More interesting is not that Israel was mentioned so often (22 times vs. not one mention of Europe, which is a staggering fact to digest about a supposed foreign policy debate given everything going on in the Eurozone at the moment), but that Obama was the first one to do it. Israel is generally viewed as a weak spot for Obama given the uneasy relationship he has with Bibi Netanyahu and the constant GOP attacks on Obama’s record toward Israel, and I would have bet that Romney would bring up Israel and try to hammer Obama over the head with it and force him to play defense. That Obama preempted Romney and repeated again and again that Israel is America’s greatest ally in the Middle East, that Egypt breaking its peace treaty with Israel is a red line for the U.S., and that the U.S. will back Israel if it is attacked says to me that the Obama campaign has some internal polling that is scaring it to death. Obama had clearly also prepared a strong and challenging answer for Romney’s contention that Obama was not sufficiently pro-Israel and he hit him hard with it when the opportunity arose. Obama knows that beginning with Franklin D. Roosevelt and continuing through his own victory in 2008, only once has a Democrat been elected president without winning at least 75 percent of the Jewish vote (Jimmy Carter received 64 percent in 1976), and I think based on last night that he is legitimately worried about what will happen should he miss that threshold.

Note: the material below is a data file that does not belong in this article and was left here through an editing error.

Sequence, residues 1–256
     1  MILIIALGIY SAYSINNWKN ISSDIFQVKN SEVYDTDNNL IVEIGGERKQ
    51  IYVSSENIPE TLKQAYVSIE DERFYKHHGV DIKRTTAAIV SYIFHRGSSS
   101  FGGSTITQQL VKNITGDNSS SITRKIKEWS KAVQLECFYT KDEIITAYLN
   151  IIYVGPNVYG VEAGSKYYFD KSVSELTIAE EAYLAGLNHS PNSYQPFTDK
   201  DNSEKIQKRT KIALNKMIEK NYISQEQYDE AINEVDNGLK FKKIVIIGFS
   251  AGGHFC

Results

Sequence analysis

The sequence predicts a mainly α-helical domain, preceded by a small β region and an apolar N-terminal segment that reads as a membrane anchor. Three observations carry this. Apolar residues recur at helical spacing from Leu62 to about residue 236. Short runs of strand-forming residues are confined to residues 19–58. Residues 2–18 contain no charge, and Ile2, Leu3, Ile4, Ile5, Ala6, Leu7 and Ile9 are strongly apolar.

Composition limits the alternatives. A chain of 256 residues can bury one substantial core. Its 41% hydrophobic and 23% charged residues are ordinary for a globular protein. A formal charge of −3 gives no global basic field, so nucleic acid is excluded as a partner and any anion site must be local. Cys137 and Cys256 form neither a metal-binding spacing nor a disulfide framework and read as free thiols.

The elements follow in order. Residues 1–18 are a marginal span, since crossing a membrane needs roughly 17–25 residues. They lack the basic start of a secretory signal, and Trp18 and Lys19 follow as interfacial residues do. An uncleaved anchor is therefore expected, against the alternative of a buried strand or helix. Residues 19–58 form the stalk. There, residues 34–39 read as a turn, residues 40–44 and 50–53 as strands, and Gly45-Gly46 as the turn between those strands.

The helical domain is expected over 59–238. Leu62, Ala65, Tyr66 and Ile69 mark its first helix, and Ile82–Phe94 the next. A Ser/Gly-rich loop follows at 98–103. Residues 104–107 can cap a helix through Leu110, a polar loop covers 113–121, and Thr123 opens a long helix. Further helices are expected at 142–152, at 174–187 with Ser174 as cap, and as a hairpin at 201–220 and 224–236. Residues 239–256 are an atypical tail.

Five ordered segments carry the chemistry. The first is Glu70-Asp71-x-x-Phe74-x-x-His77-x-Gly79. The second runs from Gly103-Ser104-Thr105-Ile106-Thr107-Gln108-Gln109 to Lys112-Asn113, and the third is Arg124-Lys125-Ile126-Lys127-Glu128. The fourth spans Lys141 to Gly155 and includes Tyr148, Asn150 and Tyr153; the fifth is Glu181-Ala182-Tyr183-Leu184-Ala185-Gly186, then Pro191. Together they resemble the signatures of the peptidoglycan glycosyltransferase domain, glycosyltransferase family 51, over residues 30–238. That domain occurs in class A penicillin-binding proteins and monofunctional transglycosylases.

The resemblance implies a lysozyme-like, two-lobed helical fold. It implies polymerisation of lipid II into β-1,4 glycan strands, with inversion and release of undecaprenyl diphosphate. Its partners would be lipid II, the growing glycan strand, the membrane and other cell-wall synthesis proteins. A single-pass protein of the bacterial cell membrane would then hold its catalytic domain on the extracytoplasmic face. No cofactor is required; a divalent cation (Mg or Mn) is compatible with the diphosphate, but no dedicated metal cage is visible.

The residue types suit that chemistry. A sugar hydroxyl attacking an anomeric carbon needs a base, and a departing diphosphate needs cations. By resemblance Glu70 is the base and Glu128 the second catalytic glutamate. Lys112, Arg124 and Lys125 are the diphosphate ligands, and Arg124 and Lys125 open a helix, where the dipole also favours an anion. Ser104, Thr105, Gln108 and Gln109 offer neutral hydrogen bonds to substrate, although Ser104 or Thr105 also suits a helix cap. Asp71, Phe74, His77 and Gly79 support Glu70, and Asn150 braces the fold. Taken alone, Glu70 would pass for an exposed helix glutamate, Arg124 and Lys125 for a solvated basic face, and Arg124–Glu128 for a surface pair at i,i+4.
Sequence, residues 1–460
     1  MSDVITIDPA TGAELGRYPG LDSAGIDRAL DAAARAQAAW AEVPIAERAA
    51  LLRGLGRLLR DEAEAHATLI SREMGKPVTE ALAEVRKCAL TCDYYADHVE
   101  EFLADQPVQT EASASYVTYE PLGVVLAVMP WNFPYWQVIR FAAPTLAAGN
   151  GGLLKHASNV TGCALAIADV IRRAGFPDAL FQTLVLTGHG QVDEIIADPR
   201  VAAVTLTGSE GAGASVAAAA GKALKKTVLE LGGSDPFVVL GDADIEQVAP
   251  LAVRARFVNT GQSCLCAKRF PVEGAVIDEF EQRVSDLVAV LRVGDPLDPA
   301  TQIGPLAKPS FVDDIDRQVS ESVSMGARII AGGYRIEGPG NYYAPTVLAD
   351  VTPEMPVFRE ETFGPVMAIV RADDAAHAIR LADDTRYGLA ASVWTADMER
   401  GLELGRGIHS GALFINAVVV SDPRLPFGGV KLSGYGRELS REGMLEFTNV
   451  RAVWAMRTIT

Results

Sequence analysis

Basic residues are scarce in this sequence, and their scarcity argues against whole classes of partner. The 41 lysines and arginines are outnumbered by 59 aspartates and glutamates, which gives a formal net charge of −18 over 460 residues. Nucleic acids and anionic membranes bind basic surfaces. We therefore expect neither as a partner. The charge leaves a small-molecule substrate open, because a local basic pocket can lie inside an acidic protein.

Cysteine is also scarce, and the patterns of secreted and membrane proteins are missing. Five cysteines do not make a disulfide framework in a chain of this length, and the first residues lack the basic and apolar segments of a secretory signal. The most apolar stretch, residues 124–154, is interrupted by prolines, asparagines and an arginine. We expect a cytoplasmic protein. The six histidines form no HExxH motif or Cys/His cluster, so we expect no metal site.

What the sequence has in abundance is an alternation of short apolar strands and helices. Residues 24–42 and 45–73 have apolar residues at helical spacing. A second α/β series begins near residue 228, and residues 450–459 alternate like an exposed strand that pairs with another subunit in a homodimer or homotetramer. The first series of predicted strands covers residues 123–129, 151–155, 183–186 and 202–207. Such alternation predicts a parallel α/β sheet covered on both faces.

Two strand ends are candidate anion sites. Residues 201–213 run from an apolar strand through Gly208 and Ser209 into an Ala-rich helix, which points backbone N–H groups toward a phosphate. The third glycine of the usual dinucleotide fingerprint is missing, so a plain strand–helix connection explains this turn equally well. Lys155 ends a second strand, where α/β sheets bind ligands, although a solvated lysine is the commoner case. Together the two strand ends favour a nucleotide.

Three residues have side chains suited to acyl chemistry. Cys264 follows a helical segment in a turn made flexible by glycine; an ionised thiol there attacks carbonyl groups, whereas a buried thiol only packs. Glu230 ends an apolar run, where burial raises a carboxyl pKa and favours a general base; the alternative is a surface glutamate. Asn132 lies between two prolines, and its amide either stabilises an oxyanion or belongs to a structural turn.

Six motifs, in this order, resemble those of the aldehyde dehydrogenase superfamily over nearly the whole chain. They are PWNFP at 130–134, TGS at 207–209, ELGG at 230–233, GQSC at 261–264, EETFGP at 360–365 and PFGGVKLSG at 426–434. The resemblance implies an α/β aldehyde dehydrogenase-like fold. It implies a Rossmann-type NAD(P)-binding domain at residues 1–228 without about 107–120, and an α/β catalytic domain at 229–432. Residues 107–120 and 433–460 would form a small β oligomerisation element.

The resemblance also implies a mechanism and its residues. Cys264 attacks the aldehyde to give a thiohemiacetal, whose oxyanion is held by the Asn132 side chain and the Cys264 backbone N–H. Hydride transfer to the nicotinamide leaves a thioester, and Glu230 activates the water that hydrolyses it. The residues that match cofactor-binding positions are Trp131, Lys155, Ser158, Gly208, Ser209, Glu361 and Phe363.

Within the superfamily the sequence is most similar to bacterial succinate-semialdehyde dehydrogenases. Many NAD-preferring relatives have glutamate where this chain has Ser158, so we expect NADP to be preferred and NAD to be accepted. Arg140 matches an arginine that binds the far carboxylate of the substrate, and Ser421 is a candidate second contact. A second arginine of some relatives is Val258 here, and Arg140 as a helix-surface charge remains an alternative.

A few other quick and not so quick thoughts on non-Israel related topics:
There was much speculation a few months ago about which camp was winning the fight for Romney’s foreign policy soul, the neoconservative wing or the GOP establishment realist wing. It seems pretty clear after last night that John Bolton and Romney’s other neocon advisors appear to have lost the battle. Romney disavowed intervention in Syria and was not pushing too hard for a war with Iran, and in many ways agreed with much of what Obama has been trying to do.